Draft Research Plan
Screening for Syphilis Infection in Nonpregnant Adults and Adolescent
November 19, 2020
Recommendations made by the USPSTF are independent of the U.S. government. They should not be construed as an official position of the Agency for Healthcare Research and Quality or the U.S. Department of Health and Human Services.
- What is the effectiveness of screening for syphilis in reducing complications of the disease and transmission or acquisition of other sexually transmitted infections in asymptomatic, nonpregnant, sexually active adolescents and adults?
- What is the effectiveness of specific screening intervals and screening among population subgroups (e.g., based upon demographic characteristics or risk factors)?
- What is the performance of risk assessment instruments or other risk stratification methods for identifying persons at increased risk for syphilis?
- What are the harms of screening (e.g., stigma, sequelae of test inaccuracy)?
Contextual questions will not be systematically reviewed and are not shown in the Analytic Framework.
- Which population subgroups are at highest risk for incident syphilis infection and syphilis-related morbidity and mortality?
- What are the benefits and tradeoffs of screening with reverse sequence testing (i.e., using a treponemal test for initial screening followed by a nontreponemal test for confirmation) compared to the traditional sequence testing algorithm (i.e., a nontreponemal test followed by a treponemal test)?
- What is the clinical test performance of rapid point-of-care antibody tests?
The Proposed Research Approach identifies the study characteristics and criteria that the Evidence-based Practice Center will use to search for publications and to determine whether identified studies should be included or excluded from the Evidence Review. Criteria are overarching as well as specific to each of the key questions (KQs).
|Populations||Asymptomatic, nonpregnant adolescents and adults who are not known to have current syphilis infection including persons who are infected with other STIs||Symptomatic patients; neonates, infants, and children; pregnant persons; other populations in which syphilis screening may be part of disease management, such as persons living with HIV|
|Interventions||KQs 1, 3: Two-step screening for syphilis with a nontreponemal and treponemal test (traditional or reverse sequence algorithm), including different screening intervals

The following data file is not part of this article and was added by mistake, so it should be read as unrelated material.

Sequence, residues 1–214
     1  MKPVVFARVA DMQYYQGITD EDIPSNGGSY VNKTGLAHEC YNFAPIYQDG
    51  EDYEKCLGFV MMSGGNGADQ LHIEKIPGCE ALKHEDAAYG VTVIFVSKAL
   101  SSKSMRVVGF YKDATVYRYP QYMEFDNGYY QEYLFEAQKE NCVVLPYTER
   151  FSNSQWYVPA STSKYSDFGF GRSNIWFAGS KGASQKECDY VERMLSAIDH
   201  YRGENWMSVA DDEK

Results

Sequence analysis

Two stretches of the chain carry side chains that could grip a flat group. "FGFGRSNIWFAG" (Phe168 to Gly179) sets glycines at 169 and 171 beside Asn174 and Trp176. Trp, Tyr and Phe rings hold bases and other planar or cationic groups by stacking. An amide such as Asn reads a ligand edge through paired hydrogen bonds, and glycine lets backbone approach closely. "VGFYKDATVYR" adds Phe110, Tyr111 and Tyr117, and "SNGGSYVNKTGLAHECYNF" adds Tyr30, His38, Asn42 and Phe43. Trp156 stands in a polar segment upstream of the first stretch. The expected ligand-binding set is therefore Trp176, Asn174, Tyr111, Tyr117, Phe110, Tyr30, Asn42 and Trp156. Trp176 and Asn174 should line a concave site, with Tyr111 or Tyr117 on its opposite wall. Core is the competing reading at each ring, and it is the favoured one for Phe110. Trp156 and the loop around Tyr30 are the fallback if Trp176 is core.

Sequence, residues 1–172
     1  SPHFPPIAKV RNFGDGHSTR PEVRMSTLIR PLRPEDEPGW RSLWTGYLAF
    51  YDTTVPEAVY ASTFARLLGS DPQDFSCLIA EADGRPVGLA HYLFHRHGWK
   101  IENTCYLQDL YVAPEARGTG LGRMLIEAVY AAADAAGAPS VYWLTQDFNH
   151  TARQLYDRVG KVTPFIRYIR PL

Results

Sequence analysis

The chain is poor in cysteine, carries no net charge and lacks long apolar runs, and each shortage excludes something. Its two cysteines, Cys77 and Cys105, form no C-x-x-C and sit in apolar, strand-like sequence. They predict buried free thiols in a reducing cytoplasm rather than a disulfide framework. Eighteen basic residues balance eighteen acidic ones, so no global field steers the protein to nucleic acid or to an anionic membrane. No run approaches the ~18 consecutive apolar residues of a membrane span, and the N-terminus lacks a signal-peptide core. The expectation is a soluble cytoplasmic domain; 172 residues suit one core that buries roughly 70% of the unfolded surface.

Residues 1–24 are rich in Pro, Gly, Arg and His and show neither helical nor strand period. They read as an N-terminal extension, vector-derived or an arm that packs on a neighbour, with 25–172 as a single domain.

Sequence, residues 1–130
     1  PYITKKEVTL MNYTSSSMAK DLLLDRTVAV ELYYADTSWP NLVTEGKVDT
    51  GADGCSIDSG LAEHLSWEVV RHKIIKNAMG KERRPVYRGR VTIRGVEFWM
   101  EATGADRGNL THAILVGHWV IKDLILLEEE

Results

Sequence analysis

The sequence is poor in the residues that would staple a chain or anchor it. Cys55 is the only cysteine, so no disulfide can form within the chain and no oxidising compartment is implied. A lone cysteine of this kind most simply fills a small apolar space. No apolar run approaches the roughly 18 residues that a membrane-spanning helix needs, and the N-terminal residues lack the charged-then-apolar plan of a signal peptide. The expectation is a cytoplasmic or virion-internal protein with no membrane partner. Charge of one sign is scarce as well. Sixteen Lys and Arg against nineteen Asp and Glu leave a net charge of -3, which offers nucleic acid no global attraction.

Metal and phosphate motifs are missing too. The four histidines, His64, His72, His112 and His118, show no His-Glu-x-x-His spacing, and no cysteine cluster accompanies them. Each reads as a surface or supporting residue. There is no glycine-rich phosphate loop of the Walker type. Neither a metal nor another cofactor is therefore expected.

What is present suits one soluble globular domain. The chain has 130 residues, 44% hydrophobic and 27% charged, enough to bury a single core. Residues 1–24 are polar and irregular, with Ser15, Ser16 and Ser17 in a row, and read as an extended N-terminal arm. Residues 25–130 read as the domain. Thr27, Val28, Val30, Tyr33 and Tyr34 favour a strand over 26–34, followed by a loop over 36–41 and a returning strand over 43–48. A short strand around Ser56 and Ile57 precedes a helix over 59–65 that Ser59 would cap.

KQ 2: Risk assessment instruments and other risk stratification methods that identify persons at increased risk for syphilis infection
KQs 1, 3: Screening tests not currently used in U.S. primary care settings
|Comparisons||KQ 1, 3: No screening
KQ 2: Reference standard (identification or diagnosis of infection)
|KQs 1, 3: No comparator or alternate screening test/algorithm|
|Outcomes||KQ 1: Complications of syphilis infection and transmission or acquisition of STIs, including HIV
KQ 2: Any measure of discrimination (e.g., AUC, c-statistic) for identification of infection
KQ 3: Harms from screening (e.g., stigma, sequelae of test inaccuracy)
|KQ 1: Outcomes that are not directly related to health outcomes (e.g., laboratory studies); cost-effectiveness or cost-related outcomes|
|Setting||Primary care and primary care–relevant settings (e.g., school-based clinics, family planning clinics, obstetrics and gynecology clinics, STI clinics, urgent care clinics, emergency departments, community settings, and correctional facilities)|
|Study Design||All KQs: Good-quality systematic reviews
KQs 1, 3: Randomized, controlled trials; observational studies with contemporaneous control groupsKQ 2: Risk prediction studies
KQs 1, 3: Observational studies without comparison groups or historical comparators; narrative reviews; editorials; case reports
|Study Quality||Good- and fair-quality||Poor-quality|
|Country||Studies conducted in countries categorized as “High” or Very High” on the 2019 Human Development Index (as defined by the United Nations Development Programme)||Studies conducted in countries categorized as less than “High” or “Very High” on the 2019 Human Development Index|
Abbreviations: AUC = area under the curve; c = concordance; HIV = human immunodeficiency virus; KQ = key question; STI = sexually transmitted infection; U.S. = United States.